Ethiopia, or my first edit
Sunday, June 7th, 2020
There are many routes to find out that you have a passion.
Sometimes it’s obvious, and people capitalise quickly. Many people interested in film do media courses and goto dedicated schools out of a desire to replicate shows and features that they had seen.
I didn’t discover my passion for editing until well after University, however it was a skill I had already started to put in place. The necessity to tell a story through video was something that had cropped up much earlier and I had found ways to do it.
Ethiopia, particularly Addis Ababa, is a place very close to my heart and each of the three times I’ve visited have been truly formative. I first went when I was 14 and the experience changed my mindscape; I saw people with nothing who relied on faith alone, political struggles, different cultures and had experiences that no 14 year old should have – like having a gun pointed at my face. Through all that I watched as my Dad helped film video footage and took photos, as I helped carry the equipment.
In 2005, at age 18, I set off to the country once again for three months to help at a local charity called IHA-UDP (Integrated Holistic Approach – Urban Development Project). Their idea was to create a self-sustaining environment that would allow people to get jobs and rebuild the community from the ground up. Over the next three months I would experience things that inspire, haunt, and excite me to this day. I never knew what would happen next, from sitting in a corrugated iron hut with a lady looking at the last days of her life as AIDs ravaged her, watch as political unrest once again takes hold in a fractured country, learn how to feed an eagle pizza, and to spending the day with Brad Pitt. The days were eclectic to say the least!
Through every visit, in someway, video has been an essential part.
The experiences I were having were special, and I needed to find a way to show my family back at home. It was also a way to decipher my own feelings and to see these experiences as a viewer instead of living them. Amongst my possessions was a Toshiba laptop and a small cheap digital video camera. This camera was found by a friend, I don’t ask where he got it, all I know was that it was £25 and it recorded something akin to videos that early mobile phones would record.
I started filming clips and found I needed to find ways to thread them together – and to get them to my family. It has to also be noted that internet access was very limited, and YouTube was yet to take ahold.
I discovered I had a tool called Windows Movie Maker on the laptop – and using this I would replicate what I had seen in the shows and films I watched. A particular influence was Spaced, the Edgar Wright show, whose DVD had made the trip and became a frequent watch by myself and the people I was staying with.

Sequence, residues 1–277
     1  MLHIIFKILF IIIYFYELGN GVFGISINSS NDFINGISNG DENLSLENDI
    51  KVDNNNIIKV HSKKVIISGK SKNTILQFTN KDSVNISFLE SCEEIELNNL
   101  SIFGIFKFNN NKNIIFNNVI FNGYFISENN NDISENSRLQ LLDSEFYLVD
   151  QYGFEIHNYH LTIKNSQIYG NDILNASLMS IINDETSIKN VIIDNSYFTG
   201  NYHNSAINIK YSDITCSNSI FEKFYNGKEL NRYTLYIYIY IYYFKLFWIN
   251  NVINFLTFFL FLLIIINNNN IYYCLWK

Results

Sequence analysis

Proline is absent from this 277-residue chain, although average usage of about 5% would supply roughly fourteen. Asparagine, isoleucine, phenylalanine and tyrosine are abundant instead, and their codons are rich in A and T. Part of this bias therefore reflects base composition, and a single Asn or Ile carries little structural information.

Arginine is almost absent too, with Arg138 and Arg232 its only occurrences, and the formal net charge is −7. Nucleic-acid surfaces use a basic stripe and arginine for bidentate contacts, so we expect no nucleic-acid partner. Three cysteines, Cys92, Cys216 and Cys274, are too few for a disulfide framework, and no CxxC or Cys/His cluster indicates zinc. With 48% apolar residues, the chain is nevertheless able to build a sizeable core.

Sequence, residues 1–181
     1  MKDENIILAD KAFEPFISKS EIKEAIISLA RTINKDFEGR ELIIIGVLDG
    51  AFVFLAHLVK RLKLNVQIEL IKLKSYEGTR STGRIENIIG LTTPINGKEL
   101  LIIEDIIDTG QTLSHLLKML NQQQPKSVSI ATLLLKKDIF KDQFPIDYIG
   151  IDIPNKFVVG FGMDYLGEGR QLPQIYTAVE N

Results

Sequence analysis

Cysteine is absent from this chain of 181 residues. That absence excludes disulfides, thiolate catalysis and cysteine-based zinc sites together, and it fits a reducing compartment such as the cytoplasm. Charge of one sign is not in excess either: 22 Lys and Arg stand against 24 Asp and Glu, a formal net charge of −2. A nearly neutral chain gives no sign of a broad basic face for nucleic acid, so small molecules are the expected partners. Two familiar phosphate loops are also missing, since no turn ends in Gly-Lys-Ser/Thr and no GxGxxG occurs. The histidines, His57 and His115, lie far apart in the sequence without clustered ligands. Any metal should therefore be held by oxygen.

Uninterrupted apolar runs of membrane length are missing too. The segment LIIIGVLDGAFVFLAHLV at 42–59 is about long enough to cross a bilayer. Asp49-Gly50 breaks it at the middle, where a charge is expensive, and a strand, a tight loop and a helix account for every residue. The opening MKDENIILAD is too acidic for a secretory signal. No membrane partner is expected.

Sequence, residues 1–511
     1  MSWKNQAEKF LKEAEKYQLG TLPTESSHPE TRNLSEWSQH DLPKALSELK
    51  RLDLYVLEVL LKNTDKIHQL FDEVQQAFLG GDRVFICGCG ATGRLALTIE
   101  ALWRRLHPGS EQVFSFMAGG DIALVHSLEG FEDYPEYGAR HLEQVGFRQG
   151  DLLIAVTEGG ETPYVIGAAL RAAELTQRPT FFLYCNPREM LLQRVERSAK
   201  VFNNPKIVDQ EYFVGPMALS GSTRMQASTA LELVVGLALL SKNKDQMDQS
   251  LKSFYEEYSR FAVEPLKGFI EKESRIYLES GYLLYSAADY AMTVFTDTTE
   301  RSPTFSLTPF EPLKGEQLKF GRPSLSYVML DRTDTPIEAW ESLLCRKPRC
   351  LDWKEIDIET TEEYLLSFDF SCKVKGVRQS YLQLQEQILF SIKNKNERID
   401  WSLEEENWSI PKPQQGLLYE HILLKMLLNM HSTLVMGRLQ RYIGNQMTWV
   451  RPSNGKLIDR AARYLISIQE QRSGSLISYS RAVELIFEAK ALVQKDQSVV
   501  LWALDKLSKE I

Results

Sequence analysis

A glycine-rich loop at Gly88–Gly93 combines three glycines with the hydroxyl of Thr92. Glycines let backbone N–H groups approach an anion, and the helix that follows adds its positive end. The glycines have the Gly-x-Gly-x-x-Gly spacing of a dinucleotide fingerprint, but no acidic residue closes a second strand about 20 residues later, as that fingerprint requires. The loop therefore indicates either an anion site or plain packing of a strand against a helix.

Over February (the first month I was there) I pieced together a series of 7 videos (5 if you don’t count the intro and the credits). Each video was primarily a music video, as the audio on the camera was so poor. Together they made up part of a 30 minute sequence. It started with a BBC 2 ident with custom voice over, a star wars style text scroll, a ten minute montage of many sights I saw, a personal to camera message, a video focusing on a day trip, a silly view of where I was staying, a video for the charity I was at, and finally credits – mainly included as I knew my Dad would want to know what music I was using!
I managed to record the music on to my computer from my minidisc player – sometimes creating loops using Audacity.
To finish, I managed to put the videos together onto a VCD (remember those?! – basically a DVD but on a normal CD) so my family could play the disc on a DVD player back at home. The disc went back with someone who was travelling back to the UK.
This was my first time editing anything and it was purely out of this essential need to tell some stories. To share something of the experiences I was having. I didn’t know if I was successful – until I got reports that the disc had my father in tears and it was now being shared with the local Church and wider friends.
I think this was more from the unexpected arrival, and the moment of a proud father, rather than an emotional punch from the footage. Still; I look back on the videos and smile. It was the first time I would edit anything, and I am flooded with memories from that three month period with each watch.
Little did I know that these videos would be where I want to take my career.
In 2017 I visited Ethiopia again, this time with the intention of filming for a Charity – once again an unforgettable experience but to be recounted another time.